• Distance is measured by the number of kilometers on the road from the capital of a state to the nearest border crossing with the United States. Another distance variable is included and constructed by the number of kilometers on the road from the capital of a state to Mexico City.
    • The density per kilometer squared in each state of Mexico measures the level of cluster agglomeration in the economy.
    • Another variable is constructed by the number of businesses in the commercial, services or manufacturing sector per state.
    • The migration variable is measured by the net balance migration per state in Mexico provided by INEGI. The human capital variable is an indicator of the educational characteristics of the population in each state. It includes the percentage of the population 15 years of age or older that have more than elementary studies in each state of Mexico.
    • The regional economic growth is measured by the percentage annual increase in income per capita in the period 1994-2000. The initial level of income used in the study is the one provided by INEGI in 1994. Foreign direct investment is constructed from the data provided by the Ministry of Economy in Mexico from1994 to 2000. The econometric technique must take into account the endogeneity argument.
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  • Conclusions
    • The results of the econometric analysis of the regional economic growth with the new economic geography perspective shows that the agglomeration variables are non significant, while the distance from the border is statistically significant, which is evidence in favor of the agglomeration models and the NEG models.
    • The distance from the border shows the importance of transport costs and trade to the United States in explaining regional economic growth in Mexico.
    • The migration variable is also important, showing the importance of migration in determining regional economic growth, due to repulsion and attraction forces that affect regions and agglomerations in Mexico.
    • On the other hand, the human capital variable, which is one of the most important variables is the endogenous growth models is non significant in the regression.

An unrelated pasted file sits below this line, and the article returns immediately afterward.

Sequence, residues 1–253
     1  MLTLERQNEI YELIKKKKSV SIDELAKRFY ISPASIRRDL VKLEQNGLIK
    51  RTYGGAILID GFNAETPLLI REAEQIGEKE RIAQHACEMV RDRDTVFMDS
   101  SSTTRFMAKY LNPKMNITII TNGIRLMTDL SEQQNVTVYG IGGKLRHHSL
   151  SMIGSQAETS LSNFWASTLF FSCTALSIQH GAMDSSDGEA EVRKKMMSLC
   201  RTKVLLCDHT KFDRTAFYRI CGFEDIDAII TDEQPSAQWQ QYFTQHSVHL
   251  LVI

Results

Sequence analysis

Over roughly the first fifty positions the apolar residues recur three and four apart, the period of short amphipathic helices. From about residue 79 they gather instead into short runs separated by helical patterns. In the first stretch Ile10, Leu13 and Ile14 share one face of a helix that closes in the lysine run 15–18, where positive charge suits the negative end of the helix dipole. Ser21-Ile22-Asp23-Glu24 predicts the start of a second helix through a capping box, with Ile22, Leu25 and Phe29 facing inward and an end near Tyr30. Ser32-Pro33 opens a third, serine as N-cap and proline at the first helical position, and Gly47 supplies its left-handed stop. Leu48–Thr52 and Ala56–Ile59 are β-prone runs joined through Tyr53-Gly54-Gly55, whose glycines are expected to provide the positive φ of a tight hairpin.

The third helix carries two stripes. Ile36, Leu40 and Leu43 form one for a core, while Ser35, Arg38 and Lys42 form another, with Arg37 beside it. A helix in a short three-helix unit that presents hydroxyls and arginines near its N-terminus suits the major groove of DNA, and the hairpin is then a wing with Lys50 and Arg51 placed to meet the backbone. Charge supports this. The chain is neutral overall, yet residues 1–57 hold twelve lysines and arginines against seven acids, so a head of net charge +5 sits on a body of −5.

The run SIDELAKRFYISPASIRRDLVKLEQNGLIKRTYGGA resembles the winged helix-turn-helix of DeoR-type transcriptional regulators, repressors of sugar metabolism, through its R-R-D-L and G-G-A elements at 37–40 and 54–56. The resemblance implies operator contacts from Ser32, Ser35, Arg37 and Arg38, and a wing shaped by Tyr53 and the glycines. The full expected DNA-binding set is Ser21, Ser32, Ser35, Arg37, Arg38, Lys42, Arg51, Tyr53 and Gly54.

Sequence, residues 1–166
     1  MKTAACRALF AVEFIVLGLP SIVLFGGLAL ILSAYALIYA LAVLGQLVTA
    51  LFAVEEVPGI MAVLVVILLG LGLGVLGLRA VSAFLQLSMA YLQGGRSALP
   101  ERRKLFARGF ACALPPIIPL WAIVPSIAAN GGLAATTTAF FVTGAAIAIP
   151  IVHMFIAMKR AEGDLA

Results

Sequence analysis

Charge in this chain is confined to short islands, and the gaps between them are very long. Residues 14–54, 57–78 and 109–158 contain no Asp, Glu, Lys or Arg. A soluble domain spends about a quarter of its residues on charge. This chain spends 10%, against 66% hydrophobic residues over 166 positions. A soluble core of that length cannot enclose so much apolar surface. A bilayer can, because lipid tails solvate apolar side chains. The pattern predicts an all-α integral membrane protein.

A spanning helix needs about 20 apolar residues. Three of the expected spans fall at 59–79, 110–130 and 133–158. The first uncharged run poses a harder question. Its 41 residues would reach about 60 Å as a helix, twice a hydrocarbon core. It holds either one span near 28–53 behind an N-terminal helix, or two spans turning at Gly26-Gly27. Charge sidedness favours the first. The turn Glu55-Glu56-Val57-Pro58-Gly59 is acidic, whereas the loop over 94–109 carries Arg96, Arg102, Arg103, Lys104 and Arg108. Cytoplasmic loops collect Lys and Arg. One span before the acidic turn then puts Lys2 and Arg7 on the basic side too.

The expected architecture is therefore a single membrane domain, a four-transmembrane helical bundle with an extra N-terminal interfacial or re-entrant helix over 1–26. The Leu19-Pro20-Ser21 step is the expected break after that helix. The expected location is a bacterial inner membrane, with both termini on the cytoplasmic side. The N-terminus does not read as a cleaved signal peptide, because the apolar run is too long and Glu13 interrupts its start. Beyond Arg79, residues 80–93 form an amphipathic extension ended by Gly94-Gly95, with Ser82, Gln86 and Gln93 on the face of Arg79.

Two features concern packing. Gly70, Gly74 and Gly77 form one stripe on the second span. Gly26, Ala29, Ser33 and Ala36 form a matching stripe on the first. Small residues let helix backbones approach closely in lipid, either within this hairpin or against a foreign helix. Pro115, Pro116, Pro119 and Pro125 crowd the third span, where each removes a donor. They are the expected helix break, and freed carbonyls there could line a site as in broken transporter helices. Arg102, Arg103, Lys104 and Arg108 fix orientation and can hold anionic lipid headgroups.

• Conclusions
    • In the empirical study, the importance of the distance to the Northern Border of Mexico as a determinant of regional economic growth in Mexico is shown. The commercial trends in the agglomeration of industry in the Mexican Northern Border and the transportation technology costs to the border region (which are proxied by the distance to the border) are an important factor driving Mexico first to regional concentration and then to regional dispersion of economic activity. The production of manufactures is subject to increasing returns to scale if the production activities take place in a single site close to the border and the selling market.
    • The recent advances in the field of NEG have increased our understanding of spreading and agglomerating forces in the Mexican economy.
  • Conclusions
    • Some other important conclusions emerge. Regional integration has had a positive and significant effect on FDI, which shows a combination of investment creation and diversion.
    • FDI complements trade in the NAFTA region in the first 14 years of the agreement.
  • “ Foreign Direct Investment (FDI) and Economic Growth. The Case of Mexico and the United States “ Dr. Alejandro Díaz-Bautista Investigador Nacional y Miembro del Sistema Nacional de Investigadores, CONACYT, Nivel II. [email_address] http://www.linkedin.com/pub/alejandro-diaz-bautista/6/619/691 Profesor-Investigador de Economía, Departamento de Estudios Económicos, El Colegio de la Frontera Norte. Preparado para la 1er. Seminario internacional Evaluación del efecto de la Inversión Extranjera Directa (IED) en las economías en desarrollo. El evento se realizara en la Casa COLEF Ciudad de México, con dirección en la Calle Francisco Sosa No. 254, Col. Barrio de Santa Catarina en Coyoacán, México D.F. el 18 de septiembre de 2009 a las 11 a.m.
  • References
    • Díaz Bautista, Alejandro (2006), “An economic growth model of institutions, economic integration and foreign direct investment of Mexico with the United States”, Un modelo de crecimiento económico considerando a las instituciones, integración económica e inversión extranjera directa de México con los Estados Unidos”, Revista Convergencia, Revista de Ciencias Sociales, num. 41, ISSN 1405-1435, Nº. 41, pags. 117-139, mayo – agosto de 2006.
    • Díaz Bautista, Alejandro (2006), “Foreign Direct Investment and Regional Economic Growth considering the Distance to the Northern Border of Mexico” in Analisis Economico, UAM, Number 46, Vol. XXI, 2006.FDI and Regional Economic Growth.
    • Díaz Bautista, Alejandro (2005), “Regional Growth and Development, Clusters and FDI in Mexico”, prepared for the conference “ Desarrollo Regional y Competitividad”, organized by the Presidency of Mexico with Centro de Investigación y Docencia Económicas, A.C. (CIDE), September, 2005.
    • Díaz Bautista, Alejandro (2005), “The Impact of Economies of Agglomeration, Clusters and networking in medium-sized Mexican Telecommunication firms”, Chapter in the Book “Industrial Development and Labor Markets in the United States–Mexico Border”, UCLA Latin American Center Publications (2005), University of California, Los Angeles (UCLA).